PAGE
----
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Ingruber talks of disasters, education in Australia Day address in Solomon Islands

Speech – Australian High Commission

Prime Minister, The Hon Dr Derek Sikua Minister for Foreign Affairs and External Trade, The Hon William Haomae, Ministers, Members of Parliament, Diplomatic colleagues, Distinguished guests, Ladies and gentlemen, High Commissioner’s 2010 Australia Day Address


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Prime Minister, The Hon Dr Derek Sikua Minister for Foreign Affairs and External Trade, The Hon William Haomae Ministers, Members of Parliament, Diplomatic colleagues, Distinguished guests, Ladies and gentlemen,

I would like to warmly welcome you all to this Australia Day Reception.

Today is an opportunity for Australians everywhere – and for our international friends and partners – to celebrate the experiences, achievements and values that we hold dear as Australians.

It is also a time to recognise our indigenous peoples, our rich ethnic and cultural diversity, and the challenges we face in building an even more successful, tolerant and inclusive society.

Few countries in the world had less auspicious beginnings than Australia. On several occasions, settlers and convicts alike came close to starvation. But we persevered and prospered, becoming the 14th largest economy in the world; an important development partner in the Asia Pacific region; and an active and respected participant in international fora.

We have also shown ourselves to be a true friend to Solomon Islands, ready to assist you in the important task of nation building.

We have been there in times of natural disaster, including the April 2007 tsunami, the floods of February 2009, and the recent earthquakes in Western Province and flooding in Guadalcanal – just as you supported us following last year’s devastating Victorian bushfires.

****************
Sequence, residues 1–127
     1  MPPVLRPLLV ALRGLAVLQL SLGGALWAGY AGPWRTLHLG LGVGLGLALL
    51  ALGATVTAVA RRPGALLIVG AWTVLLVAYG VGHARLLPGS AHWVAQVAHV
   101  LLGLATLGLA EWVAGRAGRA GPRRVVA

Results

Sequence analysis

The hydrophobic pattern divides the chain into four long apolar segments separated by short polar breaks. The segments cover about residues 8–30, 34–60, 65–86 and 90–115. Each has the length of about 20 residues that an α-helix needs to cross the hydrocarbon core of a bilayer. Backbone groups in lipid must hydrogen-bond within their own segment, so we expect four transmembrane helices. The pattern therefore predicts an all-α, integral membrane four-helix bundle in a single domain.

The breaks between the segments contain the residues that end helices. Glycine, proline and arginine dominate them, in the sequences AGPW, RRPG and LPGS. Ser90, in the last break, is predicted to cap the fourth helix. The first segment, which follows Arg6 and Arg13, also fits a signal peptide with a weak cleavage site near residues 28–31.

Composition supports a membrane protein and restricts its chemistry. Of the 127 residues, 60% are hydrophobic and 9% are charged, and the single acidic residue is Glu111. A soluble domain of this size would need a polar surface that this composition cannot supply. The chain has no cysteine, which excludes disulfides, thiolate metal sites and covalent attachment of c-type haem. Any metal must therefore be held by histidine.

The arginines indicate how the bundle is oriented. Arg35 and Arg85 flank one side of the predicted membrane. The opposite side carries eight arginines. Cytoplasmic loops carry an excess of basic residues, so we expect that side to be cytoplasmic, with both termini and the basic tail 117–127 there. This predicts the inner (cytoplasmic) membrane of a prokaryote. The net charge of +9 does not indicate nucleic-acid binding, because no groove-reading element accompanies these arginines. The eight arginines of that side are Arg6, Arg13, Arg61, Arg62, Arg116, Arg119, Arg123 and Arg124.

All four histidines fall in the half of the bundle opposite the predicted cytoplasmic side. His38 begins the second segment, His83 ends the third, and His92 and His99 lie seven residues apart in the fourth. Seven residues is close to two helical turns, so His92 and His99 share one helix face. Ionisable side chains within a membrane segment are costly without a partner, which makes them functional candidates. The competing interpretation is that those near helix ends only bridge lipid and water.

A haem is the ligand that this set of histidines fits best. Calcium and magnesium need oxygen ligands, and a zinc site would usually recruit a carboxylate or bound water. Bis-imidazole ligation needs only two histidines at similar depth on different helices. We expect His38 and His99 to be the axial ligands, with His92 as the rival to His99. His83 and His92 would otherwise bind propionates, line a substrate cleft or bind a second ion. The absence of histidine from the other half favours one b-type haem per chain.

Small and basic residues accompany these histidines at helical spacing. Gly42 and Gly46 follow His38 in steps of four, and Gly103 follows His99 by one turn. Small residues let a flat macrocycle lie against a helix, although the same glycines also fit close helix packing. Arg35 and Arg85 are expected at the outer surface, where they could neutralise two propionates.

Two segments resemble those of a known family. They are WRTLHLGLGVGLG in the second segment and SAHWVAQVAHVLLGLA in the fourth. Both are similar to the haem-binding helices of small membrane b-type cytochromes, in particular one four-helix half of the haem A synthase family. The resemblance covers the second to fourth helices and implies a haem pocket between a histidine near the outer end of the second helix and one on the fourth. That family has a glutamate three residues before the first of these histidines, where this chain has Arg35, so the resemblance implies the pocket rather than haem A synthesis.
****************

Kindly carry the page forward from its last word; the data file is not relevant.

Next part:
I am pleased that our cooperation, both regionally and internationally continues to expand, and that our bilateral aid program has increased 50 per cent over the past two years.

In my travels throughout this country I have seen first-hand that our investment in education, health, roads, agriculture, water, sanitation, and disease prevention is making a real difference to the lives of Solomon Islanders.

Some may ask why we do so? Why do we invest some 246 million Australian dollars per annum in a country some two thousand kilometers from our shores?

The answer is simple. We do so because the Australian Government and people are genuinely committed to achieving the Millennium Development Goals and because a strong, secure and prosperous Solomon Islands is in our national interests – and those of Pacific region more generally.

Prime Minister Rudd’s 6 March 2008 Port Moresby Declaration, foreshadowed a new era in Australia’s cooperation with Pacific island countries, based on mutual respect, mutual responsibility and mutual commitment.

The Solomon Islands- Australia Pacific Partnership for Development signed by Prime Minister Sikua and Prime Minister Rudd on 27 January 2009 gave effect to that commitment, and provides the centerpiece and touchstone of our daily working relationship. Pleasingly, Solomon Islands’ participation, along with other Pacific Islands Forum countries, in PACER Plus negotiations offers the prospect of a radically new economic and trade relationship with Australia and New Zealand, and one that will promote economic sustainability.

2010 is of course an election year. The elections will clearly be an important test for the country, of the ability of Solomon Islanders to express their views in a free, orderly, and democratic manner.

In closing, I would like to take this opportunity to thank Solomon Islanders, and my diplomatic colleagues, for the very warm reception that I have received since arriving in Honiara eight months ago.

I would also like to thank Prime Minister Derek Sikua for joining us today, for his kind Australia Day message and for his Government’s active embrace, and constructive contribution, to the excellent relationship between our two countries.

I look forward to that close bilateral relationship continuing under a future Solomon Islands Government. Ladies and gentlemen, please charge your glasses and join me in a toast to the Government and the people of Solomon Islands.


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Address by Frank Ingruber, Australian High Commissioner to the Solomon Islands

ENDS

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